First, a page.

Normal circumstances have businesses concentrating on the profit-loss statements. While in a global financial crisis such as this, it is more important to stay afloat. Thus, it is important to focus on the other business document, i.e. the balance sheet. Working capital is where businesses feel the pinch. It includes the inventory, receivables and payables. Extending of the payables’ due date and speeding up of collections can considerably help. The latter may even be done by offering (affordable) discounts for early payments. Though both may not always be workable, proactive communication with parties at the other end makes the difference and they can bail you out of particularly difficult moments, on a reciprocal basis.
Credit is another source of revenue. Here again, your allies in business, like suppliers or those who you supply to can be the best source of ‘operational’ credit, which basically would fall in the same category as payables talked of above. Since both parties have a finger in the same pie, they should be willing to go as far as they could, to increase its size.
Talent retention and business relationships
Difficult times lived together have the rare potential to firm up commitments and deepen a sense of belonging. While cutting costs, it is important to identify what not to touch. For instance, reduction in employment of contract labor will be alright with redistribution of work among the permanent workforce. Layoffs must be a last resort, as they entail loss of precious goodwill and morale, both extremely difficult to redeem.
As for salary cuts, they should be spread across the spectrum, with the top rung leading to be a visible example of frugality. Fixed percentage cuts will be a foolish course to take, because while half salary may not be an adverse thing for someone taking home a couple of lakh rupees every month, it could be a debilitating blow to those already on subsistence compensation.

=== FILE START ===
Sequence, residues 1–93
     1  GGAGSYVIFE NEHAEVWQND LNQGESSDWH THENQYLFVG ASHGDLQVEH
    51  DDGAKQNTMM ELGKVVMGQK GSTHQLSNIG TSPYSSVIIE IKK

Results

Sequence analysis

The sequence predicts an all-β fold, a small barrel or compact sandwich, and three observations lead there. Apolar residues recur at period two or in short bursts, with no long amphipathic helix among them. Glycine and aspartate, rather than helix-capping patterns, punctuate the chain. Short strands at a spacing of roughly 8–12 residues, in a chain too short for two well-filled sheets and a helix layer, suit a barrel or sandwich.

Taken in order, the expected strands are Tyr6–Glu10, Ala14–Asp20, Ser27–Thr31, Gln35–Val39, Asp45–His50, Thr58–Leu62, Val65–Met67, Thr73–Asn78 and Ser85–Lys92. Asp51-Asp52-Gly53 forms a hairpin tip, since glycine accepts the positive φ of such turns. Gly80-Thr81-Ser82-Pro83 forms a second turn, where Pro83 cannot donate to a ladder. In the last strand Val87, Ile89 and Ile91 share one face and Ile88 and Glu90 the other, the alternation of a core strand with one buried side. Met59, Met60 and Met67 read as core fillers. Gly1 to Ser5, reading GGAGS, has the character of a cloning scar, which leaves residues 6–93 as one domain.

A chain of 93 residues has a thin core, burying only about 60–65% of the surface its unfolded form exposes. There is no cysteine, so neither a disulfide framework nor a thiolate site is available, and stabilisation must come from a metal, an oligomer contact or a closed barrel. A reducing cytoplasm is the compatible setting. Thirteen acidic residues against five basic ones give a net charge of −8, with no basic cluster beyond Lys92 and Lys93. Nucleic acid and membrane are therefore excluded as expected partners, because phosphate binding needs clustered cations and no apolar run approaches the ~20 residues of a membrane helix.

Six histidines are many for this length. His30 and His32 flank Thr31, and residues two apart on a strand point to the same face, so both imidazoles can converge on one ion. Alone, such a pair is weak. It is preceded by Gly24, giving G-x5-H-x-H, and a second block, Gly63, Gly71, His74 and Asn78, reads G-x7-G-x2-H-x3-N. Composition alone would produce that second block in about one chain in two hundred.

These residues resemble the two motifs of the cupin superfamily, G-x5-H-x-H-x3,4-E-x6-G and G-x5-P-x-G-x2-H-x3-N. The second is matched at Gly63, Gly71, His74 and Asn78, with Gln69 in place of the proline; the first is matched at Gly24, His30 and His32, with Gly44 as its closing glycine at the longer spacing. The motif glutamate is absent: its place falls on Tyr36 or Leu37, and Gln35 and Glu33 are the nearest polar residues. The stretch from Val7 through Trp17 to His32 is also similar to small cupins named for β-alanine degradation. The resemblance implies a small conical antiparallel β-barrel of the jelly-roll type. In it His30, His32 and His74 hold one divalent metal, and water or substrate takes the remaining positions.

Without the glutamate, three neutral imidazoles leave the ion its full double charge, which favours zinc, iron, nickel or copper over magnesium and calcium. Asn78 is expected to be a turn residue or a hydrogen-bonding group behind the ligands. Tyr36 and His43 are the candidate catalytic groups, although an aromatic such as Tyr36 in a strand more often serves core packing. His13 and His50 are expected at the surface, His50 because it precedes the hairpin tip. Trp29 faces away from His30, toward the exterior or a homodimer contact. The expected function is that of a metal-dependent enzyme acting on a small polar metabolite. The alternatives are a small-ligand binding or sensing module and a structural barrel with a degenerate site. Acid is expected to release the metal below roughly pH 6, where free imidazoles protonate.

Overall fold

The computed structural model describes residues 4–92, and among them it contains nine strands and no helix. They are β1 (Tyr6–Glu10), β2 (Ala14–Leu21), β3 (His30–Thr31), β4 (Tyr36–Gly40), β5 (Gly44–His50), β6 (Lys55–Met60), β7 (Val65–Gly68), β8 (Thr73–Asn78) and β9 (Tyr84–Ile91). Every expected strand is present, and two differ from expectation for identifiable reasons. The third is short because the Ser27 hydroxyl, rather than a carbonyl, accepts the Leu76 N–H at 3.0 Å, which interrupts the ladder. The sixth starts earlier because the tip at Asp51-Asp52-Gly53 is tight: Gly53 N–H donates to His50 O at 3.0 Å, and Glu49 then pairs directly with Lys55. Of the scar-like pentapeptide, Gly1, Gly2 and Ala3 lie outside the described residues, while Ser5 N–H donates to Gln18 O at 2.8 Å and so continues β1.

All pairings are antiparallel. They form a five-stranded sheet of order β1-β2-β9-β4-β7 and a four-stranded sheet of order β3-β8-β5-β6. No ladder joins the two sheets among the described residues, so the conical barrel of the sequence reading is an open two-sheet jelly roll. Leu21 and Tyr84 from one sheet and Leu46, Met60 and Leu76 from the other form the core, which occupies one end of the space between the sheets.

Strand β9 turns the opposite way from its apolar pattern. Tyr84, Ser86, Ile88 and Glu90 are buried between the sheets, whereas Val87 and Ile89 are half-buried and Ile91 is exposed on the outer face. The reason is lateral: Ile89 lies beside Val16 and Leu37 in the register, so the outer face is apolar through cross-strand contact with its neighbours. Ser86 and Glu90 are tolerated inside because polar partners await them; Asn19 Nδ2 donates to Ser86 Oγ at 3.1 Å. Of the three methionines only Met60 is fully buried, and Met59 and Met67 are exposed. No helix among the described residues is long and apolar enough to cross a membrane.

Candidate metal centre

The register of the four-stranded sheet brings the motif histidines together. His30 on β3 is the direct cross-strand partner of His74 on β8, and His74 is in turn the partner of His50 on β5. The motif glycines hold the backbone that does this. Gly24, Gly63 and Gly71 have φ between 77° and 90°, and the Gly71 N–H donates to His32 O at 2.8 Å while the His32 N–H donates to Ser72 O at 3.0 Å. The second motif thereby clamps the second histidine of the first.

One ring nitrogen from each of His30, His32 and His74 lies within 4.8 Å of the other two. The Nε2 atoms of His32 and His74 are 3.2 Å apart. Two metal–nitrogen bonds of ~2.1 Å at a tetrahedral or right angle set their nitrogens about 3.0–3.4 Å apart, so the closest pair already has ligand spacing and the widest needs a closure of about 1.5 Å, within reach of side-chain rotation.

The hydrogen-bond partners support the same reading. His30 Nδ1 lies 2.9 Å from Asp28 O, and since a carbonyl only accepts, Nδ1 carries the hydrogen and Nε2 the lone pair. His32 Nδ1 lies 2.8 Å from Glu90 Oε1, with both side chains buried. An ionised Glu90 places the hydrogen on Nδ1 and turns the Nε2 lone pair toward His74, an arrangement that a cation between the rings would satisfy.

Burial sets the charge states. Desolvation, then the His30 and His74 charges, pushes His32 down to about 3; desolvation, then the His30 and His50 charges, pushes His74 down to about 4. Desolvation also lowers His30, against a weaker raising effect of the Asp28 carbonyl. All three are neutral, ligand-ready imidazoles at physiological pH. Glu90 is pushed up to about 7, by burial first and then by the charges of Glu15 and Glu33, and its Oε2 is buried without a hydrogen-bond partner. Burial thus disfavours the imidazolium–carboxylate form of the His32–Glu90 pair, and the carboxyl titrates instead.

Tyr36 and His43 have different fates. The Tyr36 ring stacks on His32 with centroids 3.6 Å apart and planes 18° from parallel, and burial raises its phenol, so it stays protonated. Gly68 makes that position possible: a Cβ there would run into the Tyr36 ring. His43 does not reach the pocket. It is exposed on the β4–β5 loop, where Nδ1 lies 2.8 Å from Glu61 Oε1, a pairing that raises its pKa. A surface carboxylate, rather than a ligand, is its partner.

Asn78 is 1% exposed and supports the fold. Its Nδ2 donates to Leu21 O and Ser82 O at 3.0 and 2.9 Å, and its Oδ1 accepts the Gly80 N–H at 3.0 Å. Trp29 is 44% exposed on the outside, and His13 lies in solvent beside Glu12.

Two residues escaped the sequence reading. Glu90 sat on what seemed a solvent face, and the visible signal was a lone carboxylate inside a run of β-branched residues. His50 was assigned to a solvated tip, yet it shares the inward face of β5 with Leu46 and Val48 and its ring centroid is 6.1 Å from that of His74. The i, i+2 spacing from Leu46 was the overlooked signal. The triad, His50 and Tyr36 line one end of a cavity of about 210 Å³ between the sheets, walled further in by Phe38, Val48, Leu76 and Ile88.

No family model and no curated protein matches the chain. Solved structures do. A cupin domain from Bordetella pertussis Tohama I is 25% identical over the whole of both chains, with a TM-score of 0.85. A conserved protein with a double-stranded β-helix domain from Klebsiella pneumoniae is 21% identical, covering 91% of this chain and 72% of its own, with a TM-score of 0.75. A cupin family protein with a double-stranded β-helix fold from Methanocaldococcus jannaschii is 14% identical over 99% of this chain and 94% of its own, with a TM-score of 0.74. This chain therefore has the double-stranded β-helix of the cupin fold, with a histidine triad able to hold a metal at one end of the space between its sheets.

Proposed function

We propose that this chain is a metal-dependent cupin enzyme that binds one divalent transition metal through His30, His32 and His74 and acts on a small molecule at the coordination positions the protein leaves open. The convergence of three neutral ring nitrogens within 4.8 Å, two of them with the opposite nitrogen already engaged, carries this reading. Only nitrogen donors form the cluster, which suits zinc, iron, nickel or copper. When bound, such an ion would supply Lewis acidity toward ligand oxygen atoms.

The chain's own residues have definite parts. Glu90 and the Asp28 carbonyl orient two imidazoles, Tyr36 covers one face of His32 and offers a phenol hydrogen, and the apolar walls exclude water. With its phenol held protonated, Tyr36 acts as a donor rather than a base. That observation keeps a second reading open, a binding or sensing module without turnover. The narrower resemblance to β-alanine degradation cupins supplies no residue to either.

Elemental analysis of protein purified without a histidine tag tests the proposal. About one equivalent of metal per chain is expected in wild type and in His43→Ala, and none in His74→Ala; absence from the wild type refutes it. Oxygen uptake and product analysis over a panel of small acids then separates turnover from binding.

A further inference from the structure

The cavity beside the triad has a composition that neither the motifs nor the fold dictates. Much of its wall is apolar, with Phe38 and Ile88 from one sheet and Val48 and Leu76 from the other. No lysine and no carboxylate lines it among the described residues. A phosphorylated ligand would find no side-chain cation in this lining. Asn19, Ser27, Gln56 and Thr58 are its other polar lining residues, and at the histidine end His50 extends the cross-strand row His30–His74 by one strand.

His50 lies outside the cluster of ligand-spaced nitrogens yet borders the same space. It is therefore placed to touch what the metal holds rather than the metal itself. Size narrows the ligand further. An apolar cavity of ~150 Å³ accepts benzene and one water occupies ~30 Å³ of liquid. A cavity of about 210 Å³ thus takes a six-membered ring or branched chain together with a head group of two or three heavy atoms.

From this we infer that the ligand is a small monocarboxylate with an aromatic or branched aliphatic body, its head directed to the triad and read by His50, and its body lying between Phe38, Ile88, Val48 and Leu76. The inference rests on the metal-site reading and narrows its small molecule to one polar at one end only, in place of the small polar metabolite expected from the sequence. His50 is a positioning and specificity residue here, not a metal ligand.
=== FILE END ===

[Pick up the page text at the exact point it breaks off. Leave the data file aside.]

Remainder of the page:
Compassion with suppliers and vendors too assumes as much importance as that with employees. There is no need to take defaults in timeliness or other deliverables too harshly in such emergent situations. With trust fostering communication, win-win ways can be worked out with external partners in business. Nurturing of business relationship during this trying period would only help the stakeholders emerge with better bonding and working chemistry.
The long-term basics
Over time, building a culture of mutual respect, honor and valuing talent with assured continuity and progression may create a certain magnetism about the enterprise, which would retain worthy talent at reduced costs. It means that even if your compensation is not competitive in the industry, other factors should more than fill in for the same.
Patty Block, President and Founder of The Block Group, established her company to advocate for women-owned businesses, helping them position their companies for strategic growth. From improving cash flow…. to increasing staff productivity…. to scaling for growth, these periods of transition — and so many more — provide both challenges and opportunities. Managed effectively, change can become a productive force for growth. The Block Group harnesses that potential, turning roadblocks into building blocks for women-owned businesses.